Dealing with the Difficulty of Feeling Displaced

Dealing with the Difficulty of Feeling Displaced

Being displaced by a natural disaster can leave you feeling out of sorts until you're in your home again. Even as restoration begins, you may struggle with the feeling that your home is not your own. Not only that, there's a great deal of additional financial stress that goes along with being out of your home: the need to eat out, find a place to stay, and take care of regular necessities, like laundry, that you barely think about when you're at home. If the damage happened to your business, the stress can be even worse--especially if you're the owner of the business and watching your source of income only slowly come back together. Dealing with those feelings of displacement is an ongoing process--but with these strategies, you can improve your ability to handle it. 

Step Away from the News

While in Southern Ontario we are fortunate to rarely experience widespread disaster, it does still occur. After a natural disaster, devastation may be everywhere throughout your city, and with today’s onslaught of information online everywhere you look, there's always another news report about the disaster. All of those reports can bring back feelings of trauma and make it feel as fresh as ever. While you're dealing with your personal feelings of displacement, put your social media on hold and avoid watching the news for a little while. This simple step can help you maintain a sense of peace as you wait for repairs on your home or business.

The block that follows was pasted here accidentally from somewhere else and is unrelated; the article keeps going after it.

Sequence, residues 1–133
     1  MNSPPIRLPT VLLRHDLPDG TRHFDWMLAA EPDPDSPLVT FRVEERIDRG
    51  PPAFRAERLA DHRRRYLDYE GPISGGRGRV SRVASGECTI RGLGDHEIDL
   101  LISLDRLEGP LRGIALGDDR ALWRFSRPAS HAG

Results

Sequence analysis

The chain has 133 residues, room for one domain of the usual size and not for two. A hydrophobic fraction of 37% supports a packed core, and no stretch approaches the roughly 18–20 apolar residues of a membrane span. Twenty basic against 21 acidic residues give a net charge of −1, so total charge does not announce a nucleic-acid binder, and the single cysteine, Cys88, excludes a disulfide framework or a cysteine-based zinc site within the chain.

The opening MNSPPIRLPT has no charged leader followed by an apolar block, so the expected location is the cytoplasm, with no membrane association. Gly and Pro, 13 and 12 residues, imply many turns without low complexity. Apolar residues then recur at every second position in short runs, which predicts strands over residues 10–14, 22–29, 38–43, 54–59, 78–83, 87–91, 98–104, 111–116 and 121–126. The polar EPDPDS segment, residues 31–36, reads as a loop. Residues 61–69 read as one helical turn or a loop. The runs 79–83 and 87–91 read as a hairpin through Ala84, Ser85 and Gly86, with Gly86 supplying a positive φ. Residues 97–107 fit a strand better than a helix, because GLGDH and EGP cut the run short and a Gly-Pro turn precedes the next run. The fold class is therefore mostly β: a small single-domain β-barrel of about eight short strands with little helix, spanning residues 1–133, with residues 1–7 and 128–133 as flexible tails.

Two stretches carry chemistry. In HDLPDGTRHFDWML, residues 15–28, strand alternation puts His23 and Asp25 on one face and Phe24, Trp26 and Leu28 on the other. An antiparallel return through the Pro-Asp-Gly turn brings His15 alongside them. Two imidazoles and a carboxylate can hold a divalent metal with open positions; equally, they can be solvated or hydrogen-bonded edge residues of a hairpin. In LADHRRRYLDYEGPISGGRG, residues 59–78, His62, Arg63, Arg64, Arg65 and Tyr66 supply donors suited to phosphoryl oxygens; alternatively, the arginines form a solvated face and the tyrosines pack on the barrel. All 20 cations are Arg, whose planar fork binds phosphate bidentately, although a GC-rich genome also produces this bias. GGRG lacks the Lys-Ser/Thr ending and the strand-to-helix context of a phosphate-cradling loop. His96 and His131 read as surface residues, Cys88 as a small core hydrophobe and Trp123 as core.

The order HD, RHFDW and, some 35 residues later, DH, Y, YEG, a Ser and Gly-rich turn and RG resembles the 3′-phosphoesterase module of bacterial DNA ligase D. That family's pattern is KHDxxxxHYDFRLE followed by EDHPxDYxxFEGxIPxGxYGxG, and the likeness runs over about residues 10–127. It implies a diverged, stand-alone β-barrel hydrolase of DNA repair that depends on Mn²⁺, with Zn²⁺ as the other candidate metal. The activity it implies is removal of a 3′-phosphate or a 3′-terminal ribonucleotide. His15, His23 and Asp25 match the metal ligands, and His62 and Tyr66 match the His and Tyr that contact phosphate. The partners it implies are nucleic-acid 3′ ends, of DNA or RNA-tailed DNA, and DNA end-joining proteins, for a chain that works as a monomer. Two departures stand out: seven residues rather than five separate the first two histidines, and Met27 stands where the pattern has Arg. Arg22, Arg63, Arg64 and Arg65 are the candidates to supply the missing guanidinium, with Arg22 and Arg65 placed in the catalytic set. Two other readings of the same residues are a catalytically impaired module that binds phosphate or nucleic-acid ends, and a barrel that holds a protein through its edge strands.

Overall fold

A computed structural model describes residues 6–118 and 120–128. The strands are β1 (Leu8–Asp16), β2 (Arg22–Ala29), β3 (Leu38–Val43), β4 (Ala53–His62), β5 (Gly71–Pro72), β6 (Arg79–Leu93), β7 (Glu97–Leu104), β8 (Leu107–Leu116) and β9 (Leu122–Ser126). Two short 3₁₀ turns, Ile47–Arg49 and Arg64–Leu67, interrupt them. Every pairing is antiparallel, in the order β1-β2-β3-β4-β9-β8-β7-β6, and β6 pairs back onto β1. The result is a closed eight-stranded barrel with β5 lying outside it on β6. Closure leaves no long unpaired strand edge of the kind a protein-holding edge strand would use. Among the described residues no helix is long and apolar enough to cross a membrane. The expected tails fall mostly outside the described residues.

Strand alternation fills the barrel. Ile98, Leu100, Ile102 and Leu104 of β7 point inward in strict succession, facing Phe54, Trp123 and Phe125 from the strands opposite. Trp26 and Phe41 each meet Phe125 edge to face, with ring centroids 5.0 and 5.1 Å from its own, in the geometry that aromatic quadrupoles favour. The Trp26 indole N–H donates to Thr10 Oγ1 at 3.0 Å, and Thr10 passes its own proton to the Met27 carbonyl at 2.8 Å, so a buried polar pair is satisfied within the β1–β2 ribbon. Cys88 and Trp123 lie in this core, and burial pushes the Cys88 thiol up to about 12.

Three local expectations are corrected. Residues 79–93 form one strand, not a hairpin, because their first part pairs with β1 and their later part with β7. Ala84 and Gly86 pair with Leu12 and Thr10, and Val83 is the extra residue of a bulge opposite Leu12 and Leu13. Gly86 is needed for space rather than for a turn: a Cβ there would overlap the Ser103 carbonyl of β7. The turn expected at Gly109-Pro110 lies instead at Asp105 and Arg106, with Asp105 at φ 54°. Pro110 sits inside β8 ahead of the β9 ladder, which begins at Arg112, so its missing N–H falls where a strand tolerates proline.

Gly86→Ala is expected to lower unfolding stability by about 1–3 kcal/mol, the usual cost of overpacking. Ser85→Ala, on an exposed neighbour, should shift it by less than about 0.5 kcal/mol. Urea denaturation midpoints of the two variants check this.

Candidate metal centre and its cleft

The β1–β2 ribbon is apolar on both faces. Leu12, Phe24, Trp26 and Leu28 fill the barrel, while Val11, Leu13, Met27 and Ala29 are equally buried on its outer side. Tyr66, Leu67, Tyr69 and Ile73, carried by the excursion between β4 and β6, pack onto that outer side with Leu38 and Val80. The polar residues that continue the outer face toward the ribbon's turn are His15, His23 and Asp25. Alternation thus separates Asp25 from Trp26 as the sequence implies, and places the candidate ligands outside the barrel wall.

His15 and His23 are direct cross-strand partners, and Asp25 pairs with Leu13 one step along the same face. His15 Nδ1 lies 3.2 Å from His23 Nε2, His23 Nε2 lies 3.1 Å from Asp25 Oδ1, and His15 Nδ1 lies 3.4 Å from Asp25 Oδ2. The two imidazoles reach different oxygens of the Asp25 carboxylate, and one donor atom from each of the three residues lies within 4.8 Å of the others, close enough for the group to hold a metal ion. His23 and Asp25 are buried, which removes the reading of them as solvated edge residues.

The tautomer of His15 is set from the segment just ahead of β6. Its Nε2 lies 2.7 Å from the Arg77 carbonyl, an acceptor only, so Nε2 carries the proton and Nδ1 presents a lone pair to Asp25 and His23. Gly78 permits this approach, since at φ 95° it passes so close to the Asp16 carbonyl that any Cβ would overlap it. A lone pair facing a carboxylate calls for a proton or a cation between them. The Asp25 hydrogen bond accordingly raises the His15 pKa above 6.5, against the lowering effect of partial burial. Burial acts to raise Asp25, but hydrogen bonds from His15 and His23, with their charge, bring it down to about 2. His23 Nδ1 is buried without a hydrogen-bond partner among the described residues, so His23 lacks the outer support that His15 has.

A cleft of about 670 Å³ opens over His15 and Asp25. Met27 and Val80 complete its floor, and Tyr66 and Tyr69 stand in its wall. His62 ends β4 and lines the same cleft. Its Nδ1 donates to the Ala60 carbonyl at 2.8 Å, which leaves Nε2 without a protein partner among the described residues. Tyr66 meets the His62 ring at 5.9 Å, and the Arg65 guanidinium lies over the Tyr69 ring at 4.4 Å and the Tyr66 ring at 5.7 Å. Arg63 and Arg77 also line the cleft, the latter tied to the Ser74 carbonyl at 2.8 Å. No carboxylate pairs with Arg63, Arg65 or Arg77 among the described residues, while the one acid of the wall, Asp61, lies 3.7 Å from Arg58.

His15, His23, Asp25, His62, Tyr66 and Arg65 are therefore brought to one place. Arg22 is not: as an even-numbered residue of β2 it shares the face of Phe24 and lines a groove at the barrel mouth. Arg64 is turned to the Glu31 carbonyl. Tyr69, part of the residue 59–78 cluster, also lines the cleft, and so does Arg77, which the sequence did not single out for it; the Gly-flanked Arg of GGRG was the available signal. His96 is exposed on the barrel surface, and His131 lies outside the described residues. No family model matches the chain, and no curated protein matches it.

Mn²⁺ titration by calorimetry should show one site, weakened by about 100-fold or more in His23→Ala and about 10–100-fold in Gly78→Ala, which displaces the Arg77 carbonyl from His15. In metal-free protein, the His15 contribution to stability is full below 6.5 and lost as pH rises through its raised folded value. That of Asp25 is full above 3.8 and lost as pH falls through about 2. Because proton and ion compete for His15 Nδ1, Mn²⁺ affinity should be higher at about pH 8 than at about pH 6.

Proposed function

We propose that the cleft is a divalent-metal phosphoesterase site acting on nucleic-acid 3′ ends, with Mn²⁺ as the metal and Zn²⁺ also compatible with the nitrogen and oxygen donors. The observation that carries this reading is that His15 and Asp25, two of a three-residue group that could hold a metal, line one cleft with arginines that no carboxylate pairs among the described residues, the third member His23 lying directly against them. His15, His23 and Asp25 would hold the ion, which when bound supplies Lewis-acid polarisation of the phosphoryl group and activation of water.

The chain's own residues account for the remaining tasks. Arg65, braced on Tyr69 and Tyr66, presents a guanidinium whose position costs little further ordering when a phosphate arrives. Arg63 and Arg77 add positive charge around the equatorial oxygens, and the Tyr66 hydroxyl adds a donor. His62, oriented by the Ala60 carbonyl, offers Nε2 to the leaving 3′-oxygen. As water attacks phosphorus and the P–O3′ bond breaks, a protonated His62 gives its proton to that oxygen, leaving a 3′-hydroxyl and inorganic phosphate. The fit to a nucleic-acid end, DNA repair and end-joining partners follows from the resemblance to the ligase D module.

Set Goals

Setting goalsis an important part of recovering from any disaster. Your previous goals have likely shifted drastically following the devastation and displacement. That doesn't mean, however, that you have to let go of your goals entirely. Instead, take a look at what you would like to accomplish in the coming weeks and months. Some things, like when home repairs will be finished, may be out of your control. Other things, however, are well within your control. Set a series of goals for the weeks ahead. What would you like to see change in your life between now and then?